Product in use: This is an aspect of the broad concept of the customer experience that appears not to get a lot of attention. It’s the experience I have from the time I drive the rental car away from SFO until I return it to LAX. How can AVIS enhance this part of my experience, when I am actually out of sight? Unfortunately, in some companies, customers are left with the feeling that they are on their own. AVIS can give me a 1-800 number to call in the event that I have a problem with the car, supply me with the locations of AVIS offices in the area and ensure that there is a map, flashlight and first-aid kit in the car.
The broader experience: Companies must realize that all customer purchases and interactions with firms are initiated for a reason. I am renting a car to take me into the Napa Valley and down the coast to Los Angeles. The car is, quite simply, a means to an end. What if AVIS were more than simply the company that supplies me with a car? If AVIS knew a little bit more about my plans, it could become an important contributor to my enjoying a getaway. Its employees could point out places to see and wineries that are not to be missed, or they could give me a CD with a guided tour of scenic areas. If AVIS employees see that I am traveling with kids, they might supply games for them to while away the drive time. The more that AVIS knows about me and the purpose of my trip, the more it can customize the experience to enhance my enjoyment—and my image of AVIS.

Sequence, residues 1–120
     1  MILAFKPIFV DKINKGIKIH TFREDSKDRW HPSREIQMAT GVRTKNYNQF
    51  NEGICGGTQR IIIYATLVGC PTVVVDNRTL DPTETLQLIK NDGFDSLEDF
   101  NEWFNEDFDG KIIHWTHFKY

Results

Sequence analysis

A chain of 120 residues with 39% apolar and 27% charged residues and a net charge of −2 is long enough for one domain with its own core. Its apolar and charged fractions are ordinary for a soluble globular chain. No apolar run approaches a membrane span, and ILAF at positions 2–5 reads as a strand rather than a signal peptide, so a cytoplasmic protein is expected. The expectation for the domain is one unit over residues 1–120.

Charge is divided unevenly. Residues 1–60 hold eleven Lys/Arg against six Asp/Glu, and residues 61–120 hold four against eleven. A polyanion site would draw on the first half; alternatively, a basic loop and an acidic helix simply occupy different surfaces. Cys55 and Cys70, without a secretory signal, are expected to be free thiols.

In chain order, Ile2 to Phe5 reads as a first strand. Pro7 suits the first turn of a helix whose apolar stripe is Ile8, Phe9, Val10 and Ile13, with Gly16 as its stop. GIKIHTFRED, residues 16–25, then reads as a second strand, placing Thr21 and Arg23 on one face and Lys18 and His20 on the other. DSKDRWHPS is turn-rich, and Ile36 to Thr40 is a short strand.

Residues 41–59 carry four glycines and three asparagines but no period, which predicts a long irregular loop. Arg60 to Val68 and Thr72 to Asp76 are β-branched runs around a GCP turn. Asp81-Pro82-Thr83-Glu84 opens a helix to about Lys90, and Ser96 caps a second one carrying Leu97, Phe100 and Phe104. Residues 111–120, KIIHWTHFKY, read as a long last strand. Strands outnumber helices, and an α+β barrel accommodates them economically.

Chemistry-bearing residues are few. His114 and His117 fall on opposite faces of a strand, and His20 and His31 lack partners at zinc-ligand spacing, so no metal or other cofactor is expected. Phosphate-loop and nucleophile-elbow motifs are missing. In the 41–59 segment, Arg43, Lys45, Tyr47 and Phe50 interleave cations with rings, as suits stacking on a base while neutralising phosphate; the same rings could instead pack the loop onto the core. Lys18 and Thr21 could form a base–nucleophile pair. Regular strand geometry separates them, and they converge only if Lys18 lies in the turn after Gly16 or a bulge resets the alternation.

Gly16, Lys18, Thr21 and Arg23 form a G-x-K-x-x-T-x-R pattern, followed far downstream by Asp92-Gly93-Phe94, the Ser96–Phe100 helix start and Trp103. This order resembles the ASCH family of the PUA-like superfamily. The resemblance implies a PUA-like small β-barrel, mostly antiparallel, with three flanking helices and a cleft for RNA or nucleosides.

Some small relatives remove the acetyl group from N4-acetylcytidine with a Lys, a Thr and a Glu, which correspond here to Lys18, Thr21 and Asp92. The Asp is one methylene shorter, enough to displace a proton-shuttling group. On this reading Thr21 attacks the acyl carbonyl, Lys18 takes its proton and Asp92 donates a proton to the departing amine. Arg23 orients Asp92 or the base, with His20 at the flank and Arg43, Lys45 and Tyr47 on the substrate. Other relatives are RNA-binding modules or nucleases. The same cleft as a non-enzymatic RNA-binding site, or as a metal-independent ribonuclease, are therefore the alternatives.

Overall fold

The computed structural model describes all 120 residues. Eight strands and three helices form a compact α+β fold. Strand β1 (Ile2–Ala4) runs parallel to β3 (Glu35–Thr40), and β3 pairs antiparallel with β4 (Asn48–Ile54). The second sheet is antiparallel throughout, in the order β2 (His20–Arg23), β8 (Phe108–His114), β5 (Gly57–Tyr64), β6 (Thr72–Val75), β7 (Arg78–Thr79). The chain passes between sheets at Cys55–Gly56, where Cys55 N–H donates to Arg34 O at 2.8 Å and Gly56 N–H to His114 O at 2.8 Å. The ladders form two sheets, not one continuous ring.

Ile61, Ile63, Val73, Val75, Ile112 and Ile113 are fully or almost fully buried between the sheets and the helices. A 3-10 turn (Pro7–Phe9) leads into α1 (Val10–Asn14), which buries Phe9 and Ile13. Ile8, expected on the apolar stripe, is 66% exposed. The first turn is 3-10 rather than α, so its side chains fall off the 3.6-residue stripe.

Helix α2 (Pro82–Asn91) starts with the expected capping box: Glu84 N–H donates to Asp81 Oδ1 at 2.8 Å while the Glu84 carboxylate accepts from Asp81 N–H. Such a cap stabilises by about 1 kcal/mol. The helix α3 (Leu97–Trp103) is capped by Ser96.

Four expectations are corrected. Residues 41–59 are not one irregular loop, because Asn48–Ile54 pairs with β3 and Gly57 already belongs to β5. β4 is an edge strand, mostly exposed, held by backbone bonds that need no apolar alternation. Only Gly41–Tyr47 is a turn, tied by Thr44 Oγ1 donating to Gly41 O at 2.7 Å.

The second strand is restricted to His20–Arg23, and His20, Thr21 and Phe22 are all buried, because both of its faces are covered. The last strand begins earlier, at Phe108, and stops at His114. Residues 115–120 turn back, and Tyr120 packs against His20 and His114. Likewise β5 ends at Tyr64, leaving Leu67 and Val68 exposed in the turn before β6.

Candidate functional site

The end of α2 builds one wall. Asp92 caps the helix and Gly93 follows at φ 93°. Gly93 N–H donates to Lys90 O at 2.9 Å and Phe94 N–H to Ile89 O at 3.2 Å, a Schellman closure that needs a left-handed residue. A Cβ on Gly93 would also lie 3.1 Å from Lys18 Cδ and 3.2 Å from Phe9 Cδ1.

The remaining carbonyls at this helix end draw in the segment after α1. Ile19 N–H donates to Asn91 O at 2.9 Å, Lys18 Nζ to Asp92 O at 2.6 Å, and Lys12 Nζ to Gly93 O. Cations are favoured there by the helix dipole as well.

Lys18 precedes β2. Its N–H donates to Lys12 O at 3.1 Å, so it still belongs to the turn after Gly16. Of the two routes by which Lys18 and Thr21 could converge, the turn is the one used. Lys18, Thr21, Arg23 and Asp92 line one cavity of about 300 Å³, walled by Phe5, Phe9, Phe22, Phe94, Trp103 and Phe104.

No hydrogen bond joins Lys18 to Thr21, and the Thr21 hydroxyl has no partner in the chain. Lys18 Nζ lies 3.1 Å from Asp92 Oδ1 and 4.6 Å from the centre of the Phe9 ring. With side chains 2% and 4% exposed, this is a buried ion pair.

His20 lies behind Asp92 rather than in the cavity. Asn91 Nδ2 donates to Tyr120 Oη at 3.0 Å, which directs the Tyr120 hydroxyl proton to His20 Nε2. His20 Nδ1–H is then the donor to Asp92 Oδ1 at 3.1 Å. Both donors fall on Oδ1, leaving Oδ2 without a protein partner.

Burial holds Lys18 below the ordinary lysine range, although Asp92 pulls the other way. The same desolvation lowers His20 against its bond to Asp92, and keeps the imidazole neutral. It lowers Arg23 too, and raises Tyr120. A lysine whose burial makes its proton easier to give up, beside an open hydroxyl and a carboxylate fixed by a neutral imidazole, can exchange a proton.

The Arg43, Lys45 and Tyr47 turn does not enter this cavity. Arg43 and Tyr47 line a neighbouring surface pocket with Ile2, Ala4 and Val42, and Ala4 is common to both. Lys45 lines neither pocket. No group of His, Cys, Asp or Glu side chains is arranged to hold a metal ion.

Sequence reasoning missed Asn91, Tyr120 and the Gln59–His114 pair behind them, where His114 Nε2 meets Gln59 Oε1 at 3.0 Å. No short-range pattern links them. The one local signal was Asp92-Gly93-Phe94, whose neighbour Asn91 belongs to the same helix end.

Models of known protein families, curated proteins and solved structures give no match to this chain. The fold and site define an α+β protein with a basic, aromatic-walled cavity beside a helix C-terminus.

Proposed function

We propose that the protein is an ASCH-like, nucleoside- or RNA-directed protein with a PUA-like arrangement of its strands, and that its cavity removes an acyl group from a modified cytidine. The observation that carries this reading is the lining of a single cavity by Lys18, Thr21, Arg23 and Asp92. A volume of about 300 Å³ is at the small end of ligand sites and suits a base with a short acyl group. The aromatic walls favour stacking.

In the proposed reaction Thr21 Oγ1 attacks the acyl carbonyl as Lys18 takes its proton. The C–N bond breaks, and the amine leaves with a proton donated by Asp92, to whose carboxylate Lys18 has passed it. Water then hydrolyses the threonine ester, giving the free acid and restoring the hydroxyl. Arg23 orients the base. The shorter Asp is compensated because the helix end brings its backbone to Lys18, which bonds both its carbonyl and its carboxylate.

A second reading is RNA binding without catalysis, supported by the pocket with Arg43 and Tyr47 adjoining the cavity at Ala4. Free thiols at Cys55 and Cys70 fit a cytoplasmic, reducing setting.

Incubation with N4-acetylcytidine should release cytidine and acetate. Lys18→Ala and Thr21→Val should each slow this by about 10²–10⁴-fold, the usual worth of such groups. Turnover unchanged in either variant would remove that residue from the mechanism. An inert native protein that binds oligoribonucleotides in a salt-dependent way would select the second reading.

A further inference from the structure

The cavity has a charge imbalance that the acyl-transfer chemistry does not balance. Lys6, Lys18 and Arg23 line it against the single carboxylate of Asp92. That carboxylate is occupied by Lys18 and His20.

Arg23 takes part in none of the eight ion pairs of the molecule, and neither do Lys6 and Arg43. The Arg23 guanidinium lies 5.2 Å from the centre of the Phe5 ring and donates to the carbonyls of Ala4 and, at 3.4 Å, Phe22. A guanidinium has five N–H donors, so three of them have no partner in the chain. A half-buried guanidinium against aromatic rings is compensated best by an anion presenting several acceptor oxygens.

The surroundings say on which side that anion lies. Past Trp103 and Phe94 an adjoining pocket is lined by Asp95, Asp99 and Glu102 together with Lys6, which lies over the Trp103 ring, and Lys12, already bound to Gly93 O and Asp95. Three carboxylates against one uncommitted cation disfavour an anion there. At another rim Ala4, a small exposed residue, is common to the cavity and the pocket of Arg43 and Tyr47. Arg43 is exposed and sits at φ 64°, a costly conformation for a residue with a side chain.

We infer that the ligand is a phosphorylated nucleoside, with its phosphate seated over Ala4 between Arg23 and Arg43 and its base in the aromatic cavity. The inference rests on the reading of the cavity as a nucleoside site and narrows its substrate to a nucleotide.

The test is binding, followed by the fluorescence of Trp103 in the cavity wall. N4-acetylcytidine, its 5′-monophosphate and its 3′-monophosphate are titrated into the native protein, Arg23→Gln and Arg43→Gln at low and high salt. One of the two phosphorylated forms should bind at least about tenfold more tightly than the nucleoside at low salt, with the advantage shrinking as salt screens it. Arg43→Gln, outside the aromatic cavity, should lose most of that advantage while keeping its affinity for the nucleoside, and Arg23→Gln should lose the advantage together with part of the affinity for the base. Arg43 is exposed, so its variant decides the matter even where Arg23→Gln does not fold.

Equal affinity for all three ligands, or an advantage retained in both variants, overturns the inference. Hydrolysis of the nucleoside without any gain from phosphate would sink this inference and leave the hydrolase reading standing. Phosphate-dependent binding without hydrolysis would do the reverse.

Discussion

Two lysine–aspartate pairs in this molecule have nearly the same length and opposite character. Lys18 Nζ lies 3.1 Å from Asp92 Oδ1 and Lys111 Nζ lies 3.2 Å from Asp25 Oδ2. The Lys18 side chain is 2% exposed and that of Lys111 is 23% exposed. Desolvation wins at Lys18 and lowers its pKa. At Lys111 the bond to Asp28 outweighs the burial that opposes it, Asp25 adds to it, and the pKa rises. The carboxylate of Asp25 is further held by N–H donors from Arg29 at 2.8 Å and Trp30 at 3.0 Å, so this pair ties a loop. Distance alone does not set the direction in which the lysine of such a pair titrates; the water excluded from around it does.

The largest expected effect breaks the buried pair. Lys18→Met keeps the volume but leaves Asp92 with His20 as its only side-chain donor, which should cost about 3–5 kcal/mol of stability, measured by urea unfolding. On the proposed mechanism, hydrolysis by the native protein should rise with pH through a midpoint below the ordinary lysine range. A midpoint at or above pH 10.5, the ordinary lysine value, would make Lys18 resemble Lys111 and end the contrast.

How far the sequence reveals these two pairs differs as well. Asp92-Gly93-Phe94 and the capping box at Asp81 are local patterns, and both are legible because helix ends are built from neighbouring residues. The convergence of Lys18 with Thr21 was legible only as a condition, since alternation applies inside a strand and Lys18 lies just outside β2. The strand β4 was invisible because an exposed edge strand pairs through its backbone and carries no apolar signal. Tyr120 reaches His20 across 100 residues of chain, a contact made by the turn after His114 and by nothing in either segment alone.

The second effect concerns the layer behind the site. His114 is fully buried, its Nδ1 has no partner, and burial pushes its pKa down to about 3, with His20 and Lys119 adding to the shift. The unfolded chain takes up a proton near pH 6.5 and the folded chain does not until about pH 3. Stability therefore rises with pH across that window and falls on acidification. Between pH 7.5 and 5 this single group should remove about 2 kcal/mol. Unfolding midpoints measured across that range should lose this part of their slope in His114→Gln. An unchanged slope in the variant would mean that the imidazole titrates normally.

I find that most car-rental companies address the customer experience in terms of the people, products and ease with which customers deal with them. AVIS, for example, seems to always provide maps (but not first-aid kits or flashlights) and, in Canada in winter, ice scrapers. I haven’t yet seen a rental car company step up to the plate and address the broader experience.
Yet, by focusing on progressively higher levels of the customer experience, companies can offer progressively higher levels of emotional value, delivering the unexpected and contributing to relationship-building.